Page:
It’s not a Right unless you fight for it

This is actually a delayed publish to give me time to finish my “bathtub” story, but the thought has been percolating for a couple days now, and now I finally understand something, and wanted to commit it to the keyboard before I lose the train of thought: just suffering does not turn something you want (or need) into a right. “What in the hell prompted this line of thought?” you are probably asking. I saw a little boy on CNN giving a “brave speech” to someone (I think Congress) about the suffering his mother went through because she didn’t have health insurance, and he stated “Health care isn’t a privilege, it’s a right.”

Look kid, I’m sorry that you had to go through that. I recently lost a great Uncle to lung cancer, and when I was little, my grandfather died of cancer. I know how much sickness sucks, and how expensive medicine can be, but health care is not a “right,” and probably won’t be for a while yet, even if Obama and the Democrats get their way and pass the health care reform bill. So how can I say that? How can I be so callous as to condemn millions of Americans to be sick with little hope for getting proper medical care? How can I deny the “right” to good health to people so casually? Because suffering doesn’t equal “rights.” If suffering equaled rights, the majority of the human race since time began would have the right for health care.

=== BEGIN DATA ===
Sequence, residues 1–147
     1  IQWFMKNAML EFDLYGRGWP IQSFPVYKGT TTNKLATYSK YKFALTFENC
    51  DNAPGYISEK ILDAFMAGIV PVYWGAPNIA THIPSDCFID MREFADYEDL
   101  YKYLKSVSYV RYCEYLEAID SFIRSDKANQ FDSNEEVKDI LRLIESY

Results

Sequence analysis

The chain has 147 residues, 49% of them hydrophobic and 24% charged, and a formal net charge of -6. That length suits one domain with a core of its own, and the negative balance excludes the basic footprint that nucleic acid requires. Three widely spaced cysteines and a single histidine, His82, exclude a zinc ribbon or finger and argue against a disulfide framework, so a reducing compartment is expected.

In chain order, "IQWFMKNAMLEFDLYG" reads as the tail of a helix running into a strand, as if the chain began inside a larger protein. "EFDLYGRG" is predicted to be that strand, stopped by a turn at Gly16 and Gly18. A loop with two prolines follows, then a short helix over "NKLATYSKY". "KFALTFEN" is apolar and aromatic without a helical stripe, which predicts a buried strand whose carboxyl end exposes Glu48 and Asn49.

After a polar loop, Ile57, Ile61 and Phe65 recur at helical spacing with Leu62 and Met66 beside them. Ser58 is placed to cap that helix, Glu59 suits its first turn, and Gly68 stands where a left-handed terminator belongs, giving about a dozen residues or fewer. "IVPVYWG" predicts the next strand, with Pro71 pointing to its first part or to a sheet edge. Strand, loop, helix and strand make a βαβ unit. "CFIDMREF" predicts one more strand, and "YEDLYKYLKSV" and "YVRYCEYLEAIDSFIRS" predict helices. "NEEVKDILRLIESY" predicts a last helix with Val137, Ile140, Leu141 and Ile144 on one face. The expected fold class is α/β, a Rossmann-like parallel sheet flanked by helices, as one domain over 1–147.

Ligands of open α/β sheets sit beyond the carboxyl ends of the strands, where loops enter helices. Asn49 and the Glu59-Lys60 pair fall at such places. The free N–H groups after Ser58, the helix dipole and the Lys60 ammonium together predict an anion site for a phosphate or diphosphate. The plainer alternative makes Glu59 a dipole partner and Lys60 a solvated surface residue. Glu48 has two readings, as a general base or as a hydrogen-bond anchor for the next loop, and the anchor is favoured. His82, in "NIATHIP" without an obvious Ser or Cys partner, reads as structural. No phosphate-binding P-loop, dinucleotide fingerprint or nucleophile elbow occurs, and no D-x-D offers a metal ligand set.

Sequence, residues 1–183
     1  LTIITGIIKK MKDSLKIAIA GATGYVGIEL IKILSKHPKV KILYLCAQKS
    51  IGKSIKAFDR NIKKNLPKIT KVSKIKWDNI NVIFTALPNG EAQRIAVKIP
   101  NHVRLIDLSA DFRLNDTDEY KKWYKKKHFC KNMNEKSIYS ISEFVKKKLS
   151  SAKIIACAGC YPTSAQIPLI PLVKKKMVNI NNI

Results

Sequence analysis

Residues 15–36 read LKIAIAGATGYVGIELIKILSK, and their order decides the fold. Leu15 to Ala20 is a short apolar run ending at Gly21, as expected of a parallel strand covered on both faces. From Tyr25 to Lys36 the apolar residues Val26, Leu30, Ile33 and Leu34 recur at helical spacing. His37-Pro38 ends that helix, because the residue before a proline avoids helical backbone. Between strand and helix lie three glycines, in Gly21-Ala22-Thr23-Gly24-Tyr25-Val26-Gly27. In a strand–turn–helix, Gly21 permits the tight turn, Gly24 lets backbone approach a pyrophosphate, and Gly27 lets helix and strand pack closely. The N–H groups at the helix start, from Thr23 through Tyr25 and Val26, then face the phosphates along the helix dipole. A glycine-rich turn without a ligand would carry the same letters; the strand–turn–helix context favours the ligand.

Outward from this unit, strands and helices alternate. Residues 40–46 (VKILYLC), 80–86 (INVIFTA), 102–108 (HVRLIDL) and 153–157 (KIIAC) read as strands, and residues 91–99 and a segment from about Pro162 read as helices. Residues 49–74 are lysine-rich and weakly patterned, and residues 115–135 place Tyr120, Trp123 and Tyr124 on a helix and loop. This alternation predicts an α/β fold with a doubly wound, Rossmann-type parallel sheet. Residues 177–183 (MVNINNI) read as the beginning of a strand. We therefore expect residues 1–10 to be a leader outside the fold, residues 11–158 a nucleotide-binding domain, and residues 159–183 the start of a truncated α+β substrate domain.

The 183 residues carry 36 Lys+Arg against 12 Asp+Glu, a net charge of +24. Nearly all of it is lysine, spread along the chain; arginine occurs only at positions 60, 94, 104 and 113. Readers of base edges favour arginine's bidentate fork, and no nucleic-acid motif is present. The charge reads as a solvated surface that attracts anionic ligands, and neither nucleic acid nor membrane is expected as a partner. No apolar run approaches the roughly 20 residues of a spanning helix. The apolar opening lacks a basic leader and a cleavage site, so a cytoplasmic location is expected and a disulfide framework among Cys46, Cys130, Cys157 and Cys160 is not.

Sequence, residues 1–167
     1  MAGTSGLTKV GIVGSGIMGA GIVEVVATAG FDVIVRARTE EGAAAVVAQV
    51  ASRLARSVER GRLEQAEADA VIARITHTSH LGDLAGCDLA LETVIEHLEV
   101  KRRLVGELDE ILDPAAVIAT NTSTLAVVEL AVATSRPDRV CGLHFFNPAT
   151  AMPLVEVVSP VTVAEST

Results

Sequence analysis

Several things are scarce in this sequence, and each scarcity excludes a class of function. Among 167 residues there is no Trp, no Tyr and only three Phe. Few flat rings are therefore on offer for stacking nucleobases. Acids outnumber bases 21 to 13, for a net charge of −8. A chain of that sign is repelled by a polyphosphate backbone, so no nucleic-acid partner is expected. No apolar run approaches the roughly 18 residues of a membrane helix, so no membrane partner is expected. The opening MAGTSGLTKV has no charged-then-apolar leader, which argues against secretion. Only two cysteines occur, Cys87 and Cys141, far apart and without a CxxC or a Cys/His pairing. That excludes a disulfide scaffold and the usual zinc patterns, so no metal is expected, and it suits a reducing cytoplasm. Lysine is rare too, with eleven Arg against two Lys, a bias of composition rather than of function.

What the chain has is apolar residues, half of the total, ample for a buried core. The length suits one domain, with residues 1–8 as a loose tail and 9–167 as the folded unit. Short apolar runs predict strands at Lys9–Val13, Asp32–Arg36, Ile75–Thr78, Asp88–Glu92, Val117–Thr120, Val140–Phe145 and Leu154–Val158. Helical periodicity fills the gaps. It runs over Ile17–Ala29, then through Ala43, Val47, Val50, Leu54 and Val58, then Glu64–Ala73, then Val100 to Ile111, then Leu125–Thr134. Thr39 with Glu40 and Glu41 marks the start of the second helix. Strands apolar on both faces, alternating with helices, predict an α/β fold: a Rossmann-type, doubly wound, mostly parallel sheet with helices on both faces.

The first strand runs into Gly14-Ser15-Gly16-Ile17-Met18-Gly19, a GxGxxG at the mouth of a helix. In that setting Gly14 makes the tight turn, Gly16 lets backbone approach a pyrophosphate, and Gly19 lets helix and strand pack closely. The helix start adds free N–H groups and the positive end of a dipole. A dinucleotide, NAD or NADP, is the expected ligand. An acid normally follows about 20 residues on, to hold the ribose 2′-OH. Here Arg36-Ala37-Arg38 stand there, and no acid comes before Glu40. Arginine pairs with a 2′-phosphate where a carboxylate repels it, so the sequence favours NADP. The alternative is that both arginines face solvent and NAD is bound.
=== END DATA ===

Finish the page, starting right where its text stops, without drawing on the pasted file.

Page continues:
Still not getting what I mean? Let’s go back one hundred and fifty years to the American Civil War, a conflict that eventually centered around the institution of slavery. So, if suffering was going to be enough to give people rights, then why weren’t the blacks considered free? Why did it take 720,000 deaths to give them freedom? And why weren’t they considered equals after that? Hadn’t they suffered enough under the bonds of slavery to earn that right? No, suffering did not equal equality. It took another one hundred years, and it took one hell of a fight to get that equality, a fight that is still going on, and probably will continue on for a long time.

So, you can say health care is a right all you want, but unless you put up a fight for it, unless you can convince your fellow Americans that it is a right, unless you can figure out how to pay for it (and this is actually very important, because nothing in life is free,) you can make all of the speeches in the world, but your “right” is nothing but words in the wind, to be carried off into the graveyard of ideas.

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